Heart still pounding, she searches high and low but Jeremy is nowhere to be found.
She hurries further outwards, sand giving way to stone and stone giving way to more sand and dust again. In one moment of haste, Nicole’s foot catches on an old foundation stone where it once would have divided one room from another. The remnants of some walls still poke faintly out of the heaps of sand and dirt.
She skids to a stop, taking a moment to steady herself. She is quite sure that she is not being pursued by anyone or anything, but nonetheless she is in no hurry to linger in this ghostly space any longer than necessary.
She swivels her head and glances about, checking for any sign that Jeremy has been here and, in doing so, something on the ground catches her eye. It is a small, dark shape, much darker than the pale stone and paler sand of this place.
Something in it whispers to her, beckoning her closer. Something in it dampens down her basest instincts, the ones telling her not to touch anything here. It is like water to a flame of caution and, in spite of herself, she finds herself drawing closer.
She barely pauses to consider picking up the tiny object, and in the days and weeks to come she will only marvel at this lack of caution. But in that moment she doesn’t give weight to curses or poisons or ancient booby-traps, she simply scoops the object into her hand.
Her knowledge of ancient artefacts is fairly rudimentary but even to an untrained eye it is clear that the object is from antiquity.
It looks, for all intents and purposes, to be an old, carved stone box.
She turns it over on her palm once, then twice, before tucking it into a free pocket of her utility belt. She is sure there is probably something wrong with filching a piece of the past like this, but in the moment all she can think about is the comforting realness of it.
In the hot, feverish days to come that one piece of solid stone will be enough to remind her that none of this was a dream or a mirage.
She continues calling for Jeremy as she searches, but she is met only with silence. She wonders if he has made his way back to the open desert and feels a prickle of fear at the thought. It is easy to get lost out there and, with her division scattered, it would be close to impossible to regroup fully.
Against all odds, Nicole eventually finds her way back to the ravine where they’d been ambushed and expects to find pockets of fighting still in full flow.
Instead, she is met only with empty space and barely any signs of a disturbance, aside from a few bullet casings and scattered shards of rock, blown apart by gunfire.
She is, without a doubt, completely and utterly alone.
Immediately she reaches for her belt and finds the box in there, solid and real - the only assurance she has that she hasn’t lost her mind in the cruel heat of the desert.
Some months later.
Waverly Earp stands amongst what can only reasonably called carnage, the shouts of the museum curator still ringing round the room.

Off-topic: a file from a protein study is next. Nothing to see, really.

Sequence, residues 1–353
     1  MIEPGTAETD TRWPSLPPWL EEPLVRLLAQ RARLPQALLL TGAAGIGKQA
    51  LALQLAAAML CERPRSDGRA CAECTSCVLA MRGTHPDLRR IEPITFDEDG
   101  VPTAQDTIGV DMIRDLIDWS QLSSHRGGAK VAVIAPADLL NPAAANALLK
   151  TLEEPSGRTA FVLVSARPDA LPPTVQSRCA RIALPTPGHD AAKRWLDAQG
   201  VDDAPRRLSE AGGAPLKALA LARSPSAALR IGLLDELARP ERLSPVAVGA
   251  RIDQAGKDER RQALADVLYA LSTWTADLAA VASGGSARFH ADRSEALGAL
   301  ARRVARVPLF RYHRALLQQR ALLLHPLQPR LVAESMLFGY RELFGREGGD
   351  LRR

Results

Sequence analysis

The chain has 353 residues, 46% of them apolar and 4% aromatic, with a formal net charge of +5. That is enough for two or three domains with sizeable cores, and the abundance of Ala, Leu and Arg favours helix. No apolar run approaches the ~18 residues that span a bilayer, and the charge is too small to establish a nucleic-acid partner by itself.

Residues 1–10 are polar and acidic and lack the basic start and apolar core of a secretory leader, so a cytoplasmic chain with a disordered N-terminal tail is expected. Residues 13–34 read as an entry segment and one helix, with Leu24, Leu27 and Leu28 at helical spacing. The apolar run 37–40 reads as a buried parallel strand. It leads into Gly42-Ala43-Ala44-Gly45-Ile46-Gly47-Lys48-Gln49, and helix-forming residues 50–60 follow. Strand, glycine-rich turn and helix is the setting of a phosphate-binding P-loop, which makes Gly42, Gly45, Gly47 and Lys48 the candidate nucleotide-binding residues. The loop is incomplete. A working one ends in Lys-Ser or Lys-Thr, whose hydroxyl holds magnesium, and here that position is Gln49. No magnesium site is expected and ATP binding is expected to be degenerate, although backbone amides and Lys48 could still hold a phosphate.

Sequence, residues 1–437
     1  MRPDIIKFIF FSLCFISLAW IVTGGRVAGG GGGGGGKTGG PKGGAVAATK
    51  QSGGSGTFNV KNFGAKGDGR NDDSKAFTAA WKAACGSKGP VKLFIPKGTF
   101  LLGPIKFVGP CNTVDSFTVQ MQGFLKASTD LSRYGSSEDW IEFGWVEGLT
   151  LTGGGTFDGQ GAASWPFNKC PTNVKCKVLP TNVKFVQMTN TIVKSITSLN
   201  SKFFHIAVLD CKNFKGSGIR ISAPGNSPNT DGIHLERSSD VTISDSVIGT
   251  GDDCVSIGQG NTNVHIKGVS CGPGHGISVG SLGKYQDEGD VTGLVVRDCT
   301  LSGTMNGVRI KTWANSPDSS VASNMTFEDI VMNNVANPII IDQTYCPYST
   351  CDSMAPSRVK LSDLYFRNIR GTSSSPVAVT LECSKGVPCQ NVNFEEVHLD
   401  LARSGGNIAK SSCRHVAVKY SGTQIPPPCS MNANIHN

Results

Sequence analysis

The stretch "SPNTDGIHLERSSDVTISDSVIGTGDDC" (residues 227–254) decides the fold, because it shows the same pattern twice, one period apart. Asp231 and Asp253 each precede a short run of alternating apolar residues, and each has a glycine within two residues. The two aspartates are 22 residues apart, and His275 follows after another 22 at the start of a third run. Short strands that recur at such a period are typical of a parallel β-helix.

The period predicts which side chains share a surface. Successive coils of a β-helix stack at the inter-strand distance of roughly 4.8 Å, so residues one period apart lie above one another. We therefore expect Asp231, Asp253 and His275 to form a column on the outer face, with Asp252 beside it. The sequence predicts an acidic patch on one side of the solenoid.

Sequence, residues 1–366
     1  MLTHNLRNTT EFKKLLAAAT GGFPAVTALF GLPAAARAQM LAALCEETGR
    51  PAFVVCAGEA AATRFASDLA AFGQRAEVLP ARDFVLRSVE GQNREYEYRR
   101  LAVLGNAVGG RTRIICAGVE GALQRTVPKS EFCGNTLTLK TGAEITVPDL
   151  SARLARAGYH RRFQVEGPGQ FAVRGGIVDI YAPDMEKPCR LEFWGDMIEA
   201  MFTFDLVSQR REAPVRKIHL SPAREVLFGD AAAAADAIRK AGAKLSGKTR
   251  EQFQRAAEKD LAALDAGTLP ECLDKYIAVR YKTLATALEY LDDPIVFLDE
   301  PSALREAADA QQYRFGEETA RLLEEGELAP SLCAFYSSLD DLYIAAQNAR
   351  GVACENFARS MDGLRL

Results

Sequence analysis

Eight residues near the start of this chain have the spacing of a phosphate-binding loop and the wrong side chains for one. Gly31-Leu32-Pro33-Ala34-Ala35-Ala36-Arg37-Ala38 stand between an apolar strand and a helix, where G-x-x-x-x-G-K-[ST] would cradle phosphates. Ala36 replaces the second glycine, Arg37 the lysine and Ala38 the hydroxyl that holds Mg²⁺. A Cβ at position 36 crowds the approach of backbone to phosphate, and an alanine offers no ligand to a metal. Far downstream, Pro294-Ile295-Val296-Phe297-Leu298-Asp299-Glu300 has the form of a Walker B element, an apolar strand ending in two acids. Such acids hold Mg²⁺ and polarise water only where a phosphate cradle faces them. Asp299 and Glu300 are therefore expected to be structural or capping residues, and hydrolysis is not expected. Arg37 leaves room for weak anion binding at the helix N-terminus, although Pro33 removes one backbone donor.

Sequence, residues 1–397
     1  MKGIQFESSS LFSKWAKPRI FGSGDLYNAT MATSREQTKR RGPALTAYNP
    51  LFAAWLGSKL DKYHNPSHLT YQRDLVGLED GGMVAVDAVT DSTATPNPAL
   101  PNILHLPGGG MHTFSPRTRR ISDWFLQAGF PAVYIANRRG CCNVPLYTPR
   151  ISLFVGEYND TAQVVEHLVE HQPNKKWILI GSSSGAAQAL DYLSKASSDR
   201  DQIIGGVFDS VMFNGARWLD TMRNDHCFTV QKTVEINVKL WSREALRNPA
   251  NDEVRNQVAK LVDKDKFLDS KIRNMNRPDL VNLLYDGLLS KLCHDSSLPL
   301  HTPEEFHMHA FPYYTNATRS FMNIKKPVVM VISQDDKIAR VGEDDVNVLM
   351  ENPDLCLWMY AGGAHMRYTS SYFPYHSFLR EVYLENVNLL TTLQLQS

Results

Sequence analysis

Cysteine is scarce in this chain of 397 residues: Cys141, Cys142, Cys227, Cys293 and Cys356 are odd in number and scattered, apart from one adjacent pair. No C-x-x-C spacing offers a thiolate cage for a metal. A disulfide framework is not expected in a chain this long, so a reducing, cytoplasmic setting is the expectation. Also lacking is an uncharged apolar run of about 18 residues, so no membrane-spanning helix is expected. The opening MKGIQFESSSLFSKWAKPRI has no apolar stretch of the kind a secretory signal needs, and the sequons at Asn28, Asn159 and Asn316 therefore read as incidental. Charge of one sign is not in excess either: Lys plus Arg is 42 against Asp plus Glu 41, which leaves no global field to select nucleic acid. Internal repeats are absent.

She’d never purported to be confident on the rickety old ladder they used to reach the top of the towering bookcases - they did not need to be that tall! - her strengths lay more in the actual content of the books themselves.
Granted, it had taken a very special kind of mishap to knock down six full bookshelves but somehow, she had managed it.
One minute she was reaching out to retrieve a misfiled text on Tuthmosis III, and the next she was falling backwards, still clinging to the ladder, towards the bookcase behind her. The unit fell, because of course it did. Ten feet tall and made of sturdy wood, somehow it still toppled over on impact, taking out a further five shelves on its way.
Waverly, naturally, fell to the ground too, landing right onto a pile of hard-backed books.
Given the rest of the damage done to the room, the curator hadn’t seemed to bothered about the shock of bruises no doubt already blooming on Waverly’s backside.
He’d come running at the sound of crashing, had thoroughly told her off and ordered her to straighten everything out, with no concern to her own well-being and certainly with no offer of help.
Working alone, it was going to take quite an effort to get everything put back together again. She sighs, understanding that there is no use laying around and contemplating the task at hand. Instead, she blows a stray wisp of hair out of her face and gets to work, sifting despondently through the nearest pile of books.
She doesn’t know how she’ll get the bookcases upright again, but she knows this library like the back of her hand, and she can at least put all the books back in their right order.
There is a suitable type of aesthetic to this place and although Waverly can’t say for sure whether it is by design or not, it simply looks a certain way one imagines libraries should. The dark wood desks and their green-shaded reading lights look right , the chipped old ladder for the tall shelves looks right, and even the oversized, heavy old tomes look right .
Nonetheless for all the knowledge they contain and for all their pleasing aesthetics, lugging them around is sweaty, thankless work in the Egyptian heat. Waverly is sporting an unattractive sheen by the time she has sifted through the contents of just one set of shelves. She leans back against an old table for a quick rest when a voice from behind her nearly has her jumping out of her skin.